God’s Performance . . . Really?

At first the headline seemed amusing: “Public Policy Poll: God Commands 52% Approval.” This was in response to the question: “If God exists, do you approve or disapprove of its performance?” Aside from the pitiful attempt at political correctness by referring to God as “it,” the notion that we can dare to comment on God’s performance reveals a boldness in the human spirit that often crosses the boundary into arrogance.

I’ve no doubt the survey was intended as fodder for a lighthearted article. I get it! But an approval survey on God’s performance implies, if not equality with God, at least a consumer relationship with the Almighty, as if we are somehow entitled to evaluate him like we would a merchant or service provider. Yes, we in America have so much cheek we feel entitled to voice our opinion on almost everything, and apparently that now includes God’s performance. It’s dangerous ground for mortals.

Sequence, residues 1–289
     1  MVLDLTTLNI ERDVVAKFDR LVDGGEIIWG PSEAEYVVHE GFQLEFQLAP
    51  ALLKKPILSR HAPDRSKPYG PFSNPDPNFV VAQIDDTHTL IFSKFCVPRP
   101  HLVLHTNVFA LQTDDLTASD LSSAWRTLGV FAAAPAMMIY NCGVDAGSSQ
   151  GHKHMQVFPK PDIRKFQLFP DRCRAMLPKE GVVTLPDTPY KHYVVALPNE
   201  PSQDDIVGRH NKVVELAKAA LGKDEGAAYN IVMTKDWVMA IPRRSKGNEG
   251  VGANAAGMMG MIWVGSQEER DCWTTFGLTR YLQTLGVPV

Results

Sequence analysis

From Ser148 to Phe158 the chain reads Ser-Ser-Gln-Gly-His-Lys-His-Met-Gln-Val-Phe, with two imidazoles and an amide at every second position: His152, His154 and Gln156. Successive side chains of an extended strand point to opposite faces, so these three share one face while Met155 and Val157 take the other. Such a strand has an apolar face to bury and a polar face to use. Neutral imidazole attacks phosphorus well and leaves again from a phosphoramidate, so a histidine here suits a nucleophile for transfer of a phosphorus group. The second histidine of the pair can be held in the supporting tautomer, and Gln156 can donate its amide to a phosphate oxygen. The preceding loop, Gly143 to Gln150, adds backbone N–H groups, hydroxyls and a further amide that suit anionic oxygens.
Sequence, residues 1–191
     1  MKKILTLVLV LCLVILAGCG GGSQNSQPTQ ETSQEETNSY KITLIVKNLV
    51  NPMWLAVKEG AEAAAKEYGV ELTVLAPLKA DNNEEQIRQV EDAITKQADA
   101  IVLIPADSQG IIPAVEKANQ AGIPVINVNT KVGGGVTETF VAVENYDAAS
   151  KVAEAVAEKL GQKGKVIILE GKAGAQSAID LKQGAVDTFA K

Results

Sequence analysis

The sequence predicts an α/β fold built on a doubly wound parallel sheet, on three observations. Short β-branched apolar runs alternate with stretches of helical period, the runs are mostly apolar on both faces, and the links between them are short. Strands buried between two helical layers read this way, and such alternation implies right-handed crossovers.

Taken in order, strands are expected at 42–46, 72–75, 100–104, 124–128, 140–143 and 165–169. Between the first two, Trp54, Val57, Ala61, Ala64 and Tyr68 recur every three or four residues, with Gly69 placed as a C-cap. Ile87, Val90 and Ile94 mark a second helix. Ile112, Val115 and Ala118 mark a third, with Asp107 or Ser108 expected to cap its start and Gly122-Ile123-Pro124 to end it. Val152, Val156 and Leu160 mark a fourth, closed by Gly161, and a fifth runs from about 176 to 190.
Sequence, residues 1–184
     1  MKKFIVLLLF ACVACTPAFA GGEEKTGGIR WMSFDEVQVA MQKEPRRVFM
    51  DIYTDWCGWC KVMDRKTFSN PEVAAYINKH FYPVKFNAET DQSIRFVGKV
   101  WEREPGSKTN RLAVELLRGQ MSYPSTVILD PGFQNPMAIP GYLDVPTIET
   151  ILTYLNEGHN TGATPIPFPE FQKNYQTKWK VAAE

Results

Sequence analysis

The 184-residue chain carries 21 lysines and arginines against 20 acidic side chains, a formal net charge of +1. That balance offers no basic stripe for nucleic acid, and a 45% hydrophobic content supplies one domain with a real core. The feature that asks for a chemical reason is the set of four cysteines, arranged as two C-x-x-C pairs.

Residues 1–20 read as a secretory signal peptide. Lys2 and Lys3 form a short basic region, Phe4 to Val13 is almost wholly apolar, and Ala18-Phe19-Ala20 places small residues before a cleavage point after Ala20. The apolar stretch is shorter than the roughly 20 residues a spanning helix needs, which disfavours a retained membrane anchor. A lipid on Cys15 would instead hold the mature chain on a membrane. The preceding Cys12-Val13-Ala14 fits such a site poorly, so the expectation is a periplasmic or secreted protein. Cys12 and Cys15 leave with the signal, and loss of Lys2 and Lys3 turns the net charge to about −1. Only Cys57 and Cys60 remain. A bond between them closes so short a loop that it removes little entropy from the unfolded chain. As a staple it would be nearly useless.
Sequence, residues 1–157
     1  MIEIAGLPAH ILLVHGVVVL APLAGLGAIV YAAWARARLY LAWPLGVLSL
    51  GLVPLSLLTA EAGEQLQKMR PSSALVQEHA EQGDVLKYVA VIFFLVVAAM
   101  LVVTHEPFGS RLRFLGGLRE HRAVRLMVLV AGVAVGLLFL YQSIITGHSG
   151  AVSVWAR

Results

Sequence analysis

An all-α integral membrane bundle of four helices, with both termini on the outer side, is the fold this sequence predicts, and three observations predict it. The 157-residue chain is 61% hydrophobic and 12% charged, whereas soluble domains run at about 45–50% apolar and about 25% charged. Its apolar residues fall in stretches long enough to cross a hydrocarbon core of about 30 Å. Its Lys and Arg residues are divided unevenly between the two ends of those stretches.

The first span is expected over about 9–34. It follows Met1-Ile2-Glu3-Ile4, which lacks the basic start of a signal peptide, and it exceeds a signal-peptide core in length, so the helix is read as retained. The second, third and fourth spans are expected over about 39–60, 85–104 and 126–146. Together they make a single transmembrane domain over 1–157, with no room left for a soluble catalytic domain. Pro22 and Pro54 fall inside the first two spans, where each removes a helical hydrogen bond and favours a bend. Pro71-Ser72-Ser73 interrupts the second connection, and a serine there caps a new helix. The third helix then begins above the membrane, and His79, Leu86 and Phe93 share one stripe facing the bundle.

The Bible story of Job is about a man nearly destroyed by Satan through terrible loss and suffering. In the story we clearly see that God allowed Satan to harm Job. Naturally, Job (no privy to God’s motives) begins to question God’s actions, maybe even God’s character.

In Job 40:8 (The Message) God responds to Job: “Do you presume to tell me what I’m doing wrong? . . .”

God has big shoulders and a thick skin, so I doubt an occasional survey of his performance is likely to send him back into the smiting business. Even so, we should tread lightly here.

Instead of evaluating God’s performance, I think it would have been way more revealing to take a survey of how we perceive God would evaluate OUR performance. Sadly, the authors of the PPP survey of God’s performance don’t seem to get it. That is, the current state of affairs is not a reflection on God’s performance; it’s a reflection of ours.

Anyhow, if you ask me God doesn’t require our approval, but he does cherish our love and respect.


Posted on August 7, 2011, in Uncategorized and tagged , , . Bookmark the permalink. Leave a comment.

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